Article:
Legislative auditors said Wednesday they can’t confirm that the Medicaid application backlog numbers state officials have reported are correct.
Applications have been backlogged for about a year following the rocky rollout of a new computer system, an administrative decision that funneled all applications through a single state agency and a larger-than-expected influx of applications during the Affordable Care Act open enrollment period.
The auditors said the Kansas Department of Health and Environment gets the backlog number from Accenture, the contractor that built the new software platform known as the Kansas Eligibility Enforcement System, or KEES.
Accenture pulls the number by querying the KEES database. Auditors said they watched one query, but without having access to the underlying data they could not determine the accuracy of the state’s numbers.
“Although the query appears to be written by knowledgeable staff with considerable programming expertise, its complexity results in a greater chance of error,” the auditors wrote in their report. “In this report we will use the numbers generated by the programming language, but the reader should be aware that the actual number of backlogged applications may be higher or lower to an unknown extent.”
Head auditor Scott Frank told members of the Legislative Post Audit Committee that KDHE gave all access requested. Auditors did not request access to the underlying data because combing through it would have been time-consuming, and they wanted to ensure they could give legislators at least a preliminary look at the causes of the backlog before the next session.
Frank said if the committee decided to request a more thorough vetting of the backlog, his team would seek access to the raw data.
The auditor who presented the report, Brad Hoff, said that although the state’s backlog numbers could not be independently confirmed, the auditors believe they’re “not grossly inaccurate.”
Earlier estimates were low
Medicaid is funded by federal and state dollars, and federal rules dictate that applications are processed within 45 days unless they require a federal disability designation, in which case they are to be processed within 90 days.
Federal officials began monitoring the Kansas backlog in February, requesting twice-monthly status updates.
KDHE Secretary Susan Mosier notified federal officials in June that those reports had been underestimating the application backlog and the actual number was about four times higher.
She placed responsibility for the error on Accenture. After the reports were corrected, the number of applications waiting 45 days or more topped out near 14,000 in June.
KDHE took a number of steps to reduce the backlog, including adding personnel to Maximus, the contractor that staffs the facility where most applications are processed.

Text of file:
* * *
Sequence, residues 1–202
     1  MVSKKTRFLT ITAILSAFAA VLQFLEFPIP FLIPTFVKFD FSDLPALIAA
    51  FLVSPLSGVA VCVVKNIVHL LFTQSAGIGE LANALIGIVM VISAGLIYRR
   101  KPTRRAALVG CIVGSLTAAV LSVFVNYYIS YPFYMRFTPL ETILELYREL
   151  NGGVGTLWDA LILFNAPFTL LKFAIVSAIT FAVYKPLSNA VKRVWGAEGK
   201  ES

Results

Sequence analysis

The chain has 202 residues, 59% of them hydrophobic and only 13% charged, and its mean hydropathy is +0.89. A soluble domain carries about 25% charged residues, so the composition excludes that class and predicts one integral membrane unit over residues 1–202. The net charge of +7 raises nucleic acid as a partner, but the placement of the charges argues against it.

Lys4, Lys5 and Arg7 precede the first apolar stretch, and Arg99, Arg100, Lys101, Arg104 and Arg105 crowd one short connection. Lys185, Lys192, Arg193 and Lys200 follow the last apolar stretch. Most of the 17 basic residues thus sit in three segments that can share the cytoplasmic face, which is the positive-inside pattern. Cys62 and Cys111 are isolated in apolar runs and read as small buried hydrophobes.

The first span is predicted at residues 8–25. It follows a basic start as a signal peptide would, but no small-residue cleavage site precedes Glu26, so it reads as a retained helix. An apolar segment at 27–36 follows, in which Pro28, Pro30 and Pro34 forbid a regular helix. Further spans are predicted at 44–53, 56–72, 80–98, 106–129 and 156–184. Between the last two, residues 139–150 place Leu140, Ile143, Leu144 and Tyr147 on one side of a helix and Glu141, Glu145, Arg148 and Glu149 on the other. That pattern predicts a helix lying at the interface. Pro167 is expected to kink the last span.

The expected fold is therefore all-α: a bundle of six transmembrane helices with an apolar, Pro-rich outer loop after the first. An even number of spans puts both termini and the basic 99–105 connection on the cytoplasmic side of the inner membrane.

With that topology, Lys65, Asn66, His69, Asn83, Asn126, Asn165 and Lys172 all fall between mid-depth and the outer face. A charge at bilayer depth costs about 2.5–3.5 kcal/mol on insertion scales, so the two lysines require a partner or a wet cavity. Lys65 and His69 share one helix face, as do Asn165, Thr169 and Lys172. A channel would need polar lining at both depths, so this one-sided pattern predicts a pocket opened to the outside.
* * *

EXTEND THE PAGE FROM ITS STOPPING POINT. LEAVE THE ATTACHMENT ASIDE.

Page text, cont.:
They also borrowed 50 workers from the Kansas Department for Children and Families, which had been responsible for long-term care Medicaid applications until Gov. Sam Brownback transferred those responsibilities to KDHE with an executive order that went into effect Jan. 1.
Aaron Dunkel, KDHE deputy secretary, said Accenture also has made a number of improvements to KEES so it is easier to use.
Dunkel said the number of backlogged applications as of Sept. 2 was 3,385, including 1,740 that can’t be processed without a disability designation.
“We continue to see good progress,” he said.
The agency plans to have the backlog down to its historic average in the low hundreds before the next ACA open enrollment period opens in November, Dunkel said.
Sen. Julia Lynn, a Republican from Olathe, said she was pleased with the progress.
“That’s a dramatic drop in just a short amount of time, so I see that as a positive,” Lynn said.
The extra staffing has cost KDHE about $2.3 million, according to the audit. Dunkel said that would be reflected in the agency’s next budget request. But Shawn Sullivan, the state’s budget director, has estimated that the state saved about $10 million due to lagging Medicaid enrollment following the KEES switch.
About 35,000 annual renewals are pending for Kansans already on Medicaid.
The extra staffing has cost KDHE about $2.3 million, according to the audit. But the state’s budget director has estimated that the state saved about $10 million due to lagging Medicaid enrollment following the KEES switch.
As the backlog grew, KDHE officials set aside annual the renewals to focus resources on new applications, while promising that Kansans awaiting renewals would not be dropped from the Medicaid rolls.
KDHE officials told the auditors that historically no more than 5 percent of renewals have been denied and therefore agency leaders “are not concerned that a significant number of individuals who currently receive services are no longer eligible.”
But Rep. Virgil Peck, a Republican from Tyro, said 5 percent of the 35,000 would be about 1,700 and asked if there would be any efforts to “recapture those benefits.”
Nursing homes also have reported long-term damage to their finances and their relationships with vendors as they care for residents who wait months for Medicaid coverage.
Dunkel said the agency had improved its process of working with the facilities to get the long-term care applications done so they can be reimbursed.